April 10, 2017
Nick Cady, Cascadia Wildlands, 541-434-1463
Just days before the quarterly meeting of the State Land Board, Governor Brown released a framework for her plan for the Elliott State Forest. Though not an action item on the agenda for the Tuesday, February 14, 2017 Land Board meeting, the Board is set to hear an update on the potential sale of the forest from the Department of State Lands. The DSL staff report on the issue again asks the Board for direction on whether and how to proceed with privatizing the Elliott State Forest as described in a proposal submitted by Lone Rock Timber in December 2016.
The Governor's plan would (1) keep the Elliott State Forest in public ownership, with either the state or tribes owning the land; (2) pursue $100 million in bonding to "immediately decouple a portion of the forest from Common School Fund trust lands," focusing on high value habitat, including riparian areas, steep slopes, and old growth stands; (3) pursue a Habitat Conservation Plan (HCP) with the Federal Services "that would allow for sustainable timber harvest while protecting endangered species," expecting to harvest an average of about 20 million board feet per year; and (4) "work with the tribes to regain ownership of their ancestral lands while protecting the Common School Fund."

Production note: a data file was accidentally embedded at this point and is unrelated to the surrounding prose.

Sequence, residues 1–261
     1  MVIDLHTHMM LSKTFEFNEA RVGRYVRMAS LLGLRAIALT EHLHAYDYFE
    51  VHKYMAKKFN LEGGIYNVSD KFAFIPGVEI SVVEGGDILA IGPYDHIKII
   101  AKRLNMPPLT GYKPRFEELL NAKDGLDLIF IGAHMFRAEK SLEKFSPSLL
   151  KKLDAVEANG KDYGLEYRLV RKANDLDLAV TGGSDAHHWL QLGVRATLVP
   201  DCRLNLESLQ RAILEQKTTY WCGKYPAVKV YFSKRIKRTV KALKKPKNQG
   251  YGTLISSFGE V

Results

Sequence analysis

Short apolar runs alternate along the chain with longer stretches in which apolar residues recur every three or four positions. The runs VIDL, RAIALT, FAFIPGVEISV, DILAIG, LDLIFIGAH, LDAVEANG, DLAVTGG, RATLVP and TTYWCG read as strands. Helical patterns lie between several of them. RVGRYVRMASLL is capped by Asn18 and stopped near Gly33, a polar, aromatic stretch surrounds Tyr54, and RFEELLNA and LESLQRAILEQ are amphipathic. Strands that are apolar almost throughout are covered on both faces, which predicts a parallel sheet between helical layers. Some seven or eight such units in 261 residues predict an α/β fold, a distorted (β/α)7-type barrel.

Cascadia Wildlands is encourged by the Governor's leadership toward finding a lasting solution for the Elliott State Forest that maintains the forest in public ownership. There are still a number of details that need to be worked out and elaborated on, and we look forward to continuing to work toward a solution that safeguards all the public values of the forest, including protecting old growth and mature stands, wildlife habitat, clean air and water, and recreation.
Harmful Gold-mining Method Already Restricted in California, Oregon
By Bob Ferris
I became convinced yesterday that actors who play zombies in movies learned their walking techniques from fly fishermen wading in swift rivers on slippery and slimy cobble. I came to that conclusion as I “gingerly” crossed the North Fork of the Middle Fork of the Willamette River—it is all in the balance or lack thereof. But this summer seems to have been a season of lessons taught or inspired by the rivers my wife and I roamed in July, August and September.